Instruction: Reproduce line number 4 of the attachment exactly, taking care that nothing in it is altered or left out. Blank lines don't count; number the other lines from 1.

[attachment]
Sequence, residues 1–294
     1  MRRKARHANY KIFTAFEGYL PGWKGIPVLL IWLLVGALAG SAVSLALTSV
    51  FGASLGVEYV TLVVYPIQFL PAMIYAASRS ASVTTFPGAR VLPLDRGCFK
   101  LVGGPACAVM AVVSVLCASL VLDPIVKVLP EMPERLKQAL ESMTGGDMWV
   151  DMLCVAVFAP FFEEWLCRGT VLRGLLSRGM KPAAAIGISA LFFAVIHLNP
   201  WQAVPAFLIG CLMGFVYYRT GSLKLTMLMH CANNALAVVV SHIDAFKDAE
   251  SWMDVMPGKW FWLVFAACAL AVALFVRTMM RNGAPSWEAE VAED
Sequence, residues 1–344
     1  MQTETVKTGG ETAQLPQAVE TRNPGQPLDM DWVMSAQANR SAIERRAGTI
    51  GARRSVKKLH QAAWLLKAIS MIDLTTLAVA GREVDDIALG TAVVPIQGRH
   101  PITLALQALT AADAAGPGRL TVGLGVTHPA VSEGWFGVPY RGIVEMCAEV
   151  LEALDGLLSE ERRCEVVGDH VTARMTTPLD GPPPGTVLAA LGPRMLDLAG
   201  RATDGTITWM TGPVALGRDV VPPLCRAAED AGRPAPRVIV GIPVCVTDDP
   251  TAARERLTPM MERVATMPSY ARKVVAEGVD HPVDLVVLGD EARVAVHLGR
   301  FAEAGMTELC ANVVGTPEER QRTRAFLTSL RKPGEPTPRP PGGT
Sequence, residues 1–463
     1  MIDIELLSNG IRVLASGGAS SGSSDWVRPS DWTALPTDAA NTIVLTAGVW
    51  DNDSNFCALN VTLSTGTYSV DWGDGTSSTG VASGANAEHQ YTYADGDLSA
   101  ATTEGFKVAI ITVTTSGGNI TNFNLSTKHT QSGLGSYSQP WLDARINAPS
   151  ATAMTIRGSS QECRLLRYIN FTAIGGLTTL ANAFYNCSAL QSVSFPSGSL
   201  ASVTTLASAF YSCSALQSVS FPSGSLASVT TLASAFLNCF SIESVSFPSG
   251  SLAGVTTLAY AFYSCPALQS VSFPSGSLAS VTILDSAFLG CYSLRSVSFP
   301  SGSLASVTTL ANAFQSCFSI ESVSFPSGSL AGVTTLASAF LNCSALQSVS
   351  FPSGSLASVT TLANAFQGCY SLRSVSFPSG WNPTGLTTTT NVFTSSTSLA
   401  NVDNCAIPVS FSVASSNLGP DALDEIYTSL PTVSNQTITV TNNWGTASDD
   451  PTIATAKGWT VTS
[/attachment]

   101  LVGGPACAVM AVVSVLCASL VLDPIVKVLP EMPERLKQAL ESMTGGDMWV